What also emerges from the gospel narrative post-Easter is that as Jesus brought the group of fishermen, tax collectors and housewives back together again, he made no attempt to explain the resurrection – again what explanation would they have understood – instead he told them to be its witnesses.

And then or now one of the questions bearing witness to resurrection poses is this; what does the Christian way of life look like?

What are its hallmarks?

With vines and vineyards growing all over ancient Israel, Jesus describing himself as the vine and his disciples as its branches would have had an immediate resonance with his audience.

Here is a clue into what the Christian way of life looks like.

As his ministry developed through the towns and villages of Galilee, the wandering preacher, teacher and healer, Jesus gathered around himself a group of men and women.

The group included Andrew and his brother Peter, James and his brother John, Mary Magdalene and the sisters Martha and Mary, the familiar names of those men and women whose lives and characters were shaped by Jesus’ teaching and example, pruned and cleaned you may say, as they left their nets and their homes to follow him.

Dwell in me, Jesus told them, and I will dwell in you - and at the heart of that in-dwelling is a commitment to a particular way of life, a commitment to the qualities of generosity, compassion, forgiveness, hospitality, sacrifice and love, the very qualities and characteristics so evident in the life of Jesus.

This is what the Christian way of life looks like and Professor George Newlands put it well when he wrote;

Christian community is actually not just standing out there in the rain.

It is participation, participation in the life of God [1]

As once Jesus heard the cry of a blind beggar, we participate in the life of God when we listen out for the voices of those in need.  

As once Jesus felt a woman tug his cloak, we participate in the life of God by responding to people who reach out in their despair.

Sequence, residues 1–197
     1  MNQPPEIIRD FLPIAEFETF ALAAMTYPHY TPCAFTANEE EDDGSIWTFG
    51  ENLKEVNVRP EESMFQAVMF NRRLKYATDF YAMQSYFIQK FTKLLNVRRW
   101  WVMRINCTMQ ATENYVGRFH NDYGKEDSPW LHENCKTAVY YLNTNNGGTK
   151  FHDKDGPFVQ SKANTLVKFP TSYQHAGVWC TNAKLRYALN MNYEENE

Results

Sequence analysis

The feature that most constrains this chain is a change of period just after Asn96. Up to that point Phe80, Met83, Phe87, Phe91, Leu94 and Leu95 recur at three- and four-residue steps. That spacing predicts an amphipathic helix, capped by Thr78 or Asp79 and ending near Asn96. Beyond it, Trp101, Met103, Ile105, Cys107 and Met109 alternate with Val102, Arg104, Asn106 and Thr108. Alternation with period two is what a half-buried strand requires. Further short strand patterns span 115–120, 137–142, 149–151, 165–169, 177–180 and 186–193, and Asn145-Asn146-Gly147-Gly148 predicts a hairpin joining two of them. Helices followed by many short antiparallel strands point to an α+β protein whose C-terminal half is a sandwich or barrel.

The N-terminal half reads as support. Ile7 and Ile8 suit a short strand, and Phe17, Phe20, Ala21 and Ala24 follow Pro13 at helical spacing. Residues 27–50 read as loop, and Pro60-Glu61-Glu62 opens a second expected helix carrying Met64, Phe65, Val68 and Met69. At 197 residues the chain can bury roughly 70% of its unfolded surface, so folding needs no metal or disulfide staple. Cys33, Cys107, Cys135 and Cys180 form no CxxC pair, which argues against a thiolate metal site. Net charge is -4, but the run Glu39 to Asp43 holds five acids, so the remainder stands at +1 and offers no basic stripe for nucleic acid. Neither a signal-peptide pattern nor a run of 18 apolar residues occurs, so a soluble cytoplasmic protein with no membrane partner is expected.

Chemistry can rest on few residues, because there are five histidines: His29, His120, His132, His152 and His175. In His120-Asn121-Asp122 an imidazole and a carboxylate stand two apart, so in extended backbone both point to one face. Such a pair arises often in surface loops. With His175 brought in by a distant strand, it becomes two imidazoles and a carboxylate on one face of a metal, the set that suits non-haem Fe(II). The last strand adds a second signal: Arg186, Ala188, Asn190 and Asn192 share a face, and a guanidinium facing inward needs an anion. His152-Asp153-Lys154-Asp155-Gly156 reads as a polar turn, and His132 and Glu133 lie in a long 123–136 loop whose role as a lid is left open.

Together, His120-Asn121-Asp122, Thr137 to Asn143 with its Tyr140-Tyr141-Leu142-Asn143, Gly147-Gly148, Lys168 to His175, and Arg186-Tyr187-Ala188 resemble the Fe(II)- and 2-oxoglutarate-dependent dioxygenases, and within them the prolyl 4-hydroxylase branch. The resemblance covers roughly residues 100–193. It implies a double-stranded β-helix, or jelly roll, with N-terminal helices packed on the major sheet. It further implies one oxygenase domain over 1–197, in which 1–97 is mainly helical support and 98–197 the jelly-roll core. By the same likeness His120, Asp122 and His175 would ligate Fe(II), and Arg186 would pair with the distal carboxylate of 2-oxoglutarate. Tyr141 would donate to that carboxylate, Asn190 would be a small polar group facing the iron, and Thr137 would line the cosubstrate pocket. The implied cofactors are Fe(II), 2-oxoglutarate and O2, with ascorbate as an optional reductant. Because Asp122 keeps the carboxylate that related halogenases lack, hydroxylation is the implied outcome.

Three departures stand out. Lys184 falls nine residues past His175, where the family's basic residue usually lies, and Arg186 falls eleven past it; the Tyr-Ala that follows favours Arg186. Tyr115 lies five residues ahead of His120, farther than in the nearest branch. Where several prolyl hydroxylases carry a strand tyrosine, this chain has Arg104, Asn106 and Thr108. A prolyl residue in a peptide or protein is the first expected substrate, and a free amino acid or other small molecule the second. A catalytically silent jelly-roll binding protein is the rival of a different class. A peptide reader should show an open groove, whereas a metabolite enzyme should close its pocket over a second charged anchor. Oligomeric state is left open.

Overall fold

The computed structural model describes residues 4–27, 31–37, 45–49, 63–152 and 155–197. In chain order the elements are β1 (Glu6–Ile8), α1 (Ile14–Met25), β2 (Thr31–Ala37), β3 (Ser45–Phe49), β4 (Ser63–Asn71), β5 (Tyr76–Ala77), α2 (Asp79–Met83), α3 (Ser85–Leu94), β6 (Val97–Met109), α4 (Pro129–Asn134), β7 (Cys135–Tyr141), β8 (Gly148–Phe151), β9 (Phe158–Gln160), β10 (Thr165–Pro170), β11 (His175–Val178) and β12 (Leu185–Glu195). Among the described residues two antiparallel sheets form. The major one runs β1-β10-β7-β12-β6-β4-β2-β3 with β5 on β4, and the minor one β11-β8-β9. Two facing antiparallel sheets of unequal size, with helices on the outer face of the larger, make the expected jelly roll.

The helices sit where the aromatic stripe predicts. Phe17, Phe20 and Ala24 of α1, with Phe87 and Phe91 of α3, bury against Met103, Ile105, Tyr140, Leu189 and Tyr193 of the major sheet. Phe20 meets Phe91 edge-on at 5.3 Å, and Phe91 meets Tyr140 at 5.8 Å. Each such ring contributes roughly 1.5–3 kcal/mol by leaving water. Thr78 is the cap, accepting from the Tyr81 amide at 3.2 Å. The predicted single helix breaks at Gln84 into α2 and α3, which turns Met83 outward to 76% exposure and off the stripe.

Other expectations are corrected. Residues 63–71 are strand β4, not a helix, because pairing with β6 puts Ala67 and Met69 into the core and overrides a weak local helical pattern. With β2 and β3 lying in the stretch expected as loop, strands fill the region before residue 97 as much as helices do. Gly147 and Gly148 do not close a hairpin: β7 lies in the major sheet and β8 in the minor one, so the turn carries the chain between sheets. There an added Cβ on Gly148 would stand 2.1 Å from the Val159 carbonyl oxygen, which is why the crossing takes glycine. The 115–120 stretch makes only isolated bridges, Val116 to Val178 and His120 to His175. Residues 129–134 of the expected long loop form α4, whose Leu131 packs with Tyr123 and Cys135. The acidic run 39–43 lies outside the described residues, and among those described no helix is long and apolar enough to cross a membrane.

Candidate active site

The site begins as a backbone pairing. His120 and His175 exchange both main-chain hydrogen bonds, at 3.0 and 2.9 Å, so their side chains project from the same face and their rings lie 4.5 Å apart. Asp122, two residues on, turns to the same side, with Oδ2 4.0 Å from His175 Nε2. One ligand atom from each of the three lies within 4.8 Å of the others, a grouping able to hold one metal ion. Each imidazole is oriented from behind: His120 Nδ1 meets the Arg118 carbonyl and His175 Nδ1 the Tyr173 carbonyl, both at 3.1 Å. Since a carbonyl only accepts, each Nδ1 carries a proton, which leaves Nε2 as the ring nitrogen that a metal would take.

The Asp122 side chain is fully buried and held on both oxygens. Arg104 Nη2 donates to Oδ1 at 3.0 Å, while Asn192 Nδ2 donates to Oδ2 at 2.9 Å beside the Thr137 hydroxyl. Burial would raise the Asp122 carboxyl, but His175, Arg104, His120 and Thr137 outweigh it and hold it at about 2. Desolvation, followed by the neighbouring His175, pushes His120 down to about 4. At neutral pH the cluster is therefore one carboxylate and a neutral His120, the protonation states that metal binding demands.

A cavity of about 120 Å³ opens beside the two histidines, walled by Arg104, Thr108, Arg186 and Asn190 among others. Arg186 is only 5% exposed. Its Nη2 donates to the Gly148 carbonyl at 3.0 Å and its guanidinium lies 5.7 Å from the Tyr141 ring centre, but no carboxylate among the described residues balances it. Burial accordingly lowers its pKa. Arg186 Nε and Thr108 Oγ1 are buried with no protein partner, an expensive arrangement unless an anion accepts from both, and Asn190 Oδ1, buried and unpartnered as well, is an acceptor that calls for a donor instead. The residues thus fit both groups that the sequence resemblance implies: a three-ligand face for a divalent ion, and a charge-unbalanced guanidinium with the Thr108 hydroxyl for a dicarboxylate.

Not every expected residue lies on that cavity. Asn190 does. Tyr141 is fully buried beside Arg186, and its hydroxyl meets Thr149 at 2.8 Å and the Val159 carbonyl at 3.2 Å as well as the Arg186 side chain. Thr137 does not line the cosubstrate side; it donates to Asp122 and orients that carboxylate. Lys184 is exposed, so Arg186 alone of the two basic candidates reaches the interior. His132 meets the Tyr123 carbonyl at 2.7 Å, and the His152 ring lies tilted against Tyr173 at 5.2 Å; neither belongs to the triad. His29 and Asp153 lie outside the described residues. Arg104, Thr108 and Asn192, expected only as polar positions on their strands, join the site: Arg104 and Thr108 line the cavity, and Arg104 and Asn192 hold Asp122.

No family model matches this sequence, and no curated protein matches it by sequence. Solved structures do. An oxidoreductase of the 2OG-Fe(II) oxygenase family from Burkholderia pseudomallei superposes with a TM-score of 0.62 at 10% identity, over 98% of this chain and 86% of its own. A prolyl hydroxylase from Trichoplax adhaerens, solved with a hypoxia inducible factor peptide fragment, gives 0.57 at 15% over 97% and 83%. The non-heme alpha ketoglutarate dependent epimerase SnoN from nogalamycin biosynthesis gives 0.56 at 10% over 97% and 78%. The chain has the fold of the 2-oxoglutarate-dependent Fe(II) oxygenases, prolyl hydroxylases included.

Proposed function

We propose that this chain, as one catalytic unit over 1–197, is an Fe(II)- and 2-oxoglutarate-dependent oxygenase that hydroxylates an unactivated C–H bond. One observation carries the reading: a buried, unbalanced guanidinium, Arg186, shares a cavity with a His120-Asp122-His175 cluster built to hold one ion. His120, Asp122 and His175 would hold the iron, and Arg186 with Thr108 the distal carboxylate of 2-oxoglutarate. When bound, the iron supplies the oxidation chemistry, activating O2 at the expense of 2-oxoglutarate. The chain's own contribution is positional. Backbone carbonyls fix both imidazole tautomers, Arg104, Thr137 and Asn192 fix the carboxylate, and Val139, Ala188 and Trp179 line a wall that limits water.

As once Jesus restored health and community to a group of lepers living on the outskirts of their village, we participate in the life of God when we find ways of bringing people who are homeless or refugees back from the margins and into the heart of society.

As once Jesus spoke about the dangers of storing up treasure on earth and not in heaven, and  how much easier it was for a camel to pass through the eye of a needle than for a rich man to enter the Kingdom of God, we participate in the life of God when we seek economic justice within our own work places, our country and among the nations of the world.

As once Jesus said peacemakers would be blessed, we participate in the life of God when in our family life, our community and church life, as well as in our national life, we set aside that life-denying thirst for retaliation and revenge and aspire to the life-giving yearning for healing, forgiveness and reconciliation.

As once Jesus wrapped a towel around his waist and took a bucket of water to wash his disciples’ dirty feet, we participate in the life of God when we seek the humility of service before the honour of self.

In other words, although it includes scriptures, doctrines, customs, traditions, dogma and sets of belief, at its best the Christian faith embraces a distinctive way of life.

It is a way of life shaped and informed by God’s love, care and concern for you and for all creation.

It is a way of life given face and voice in the life and teaching of Jesus, crucified and risen.

It is a way of life expressed in the saints of history and the everyday saints of the church who walk the second mile and turn the other cheek and who show us what it means to live by faith and not by sight.

Hallmarks – a source of information and a guarantee of quality – in the changed and changing international world of commerce and trade, the challenge to maintain the highest possible standards is as urgent today as it was when the Trade Guilds were first incorporated.

And for those of us who would seek to follow the Master Carpenter, the urgent question is the extent to which people see in us, and in Cramond Kirk, the authentic hallmarks of Christian faith, hope and love.

Now unto him who is able to do exceedingly abundantly above all that we ask or think according to the power that worketh in us, unto him be glory in the church by Christ Jesus throughout all ages, world without end, Amen

 


[1] George Newlands, Expository Times, Sage Publications, London, Volume 120, no 7, April 2009,  p340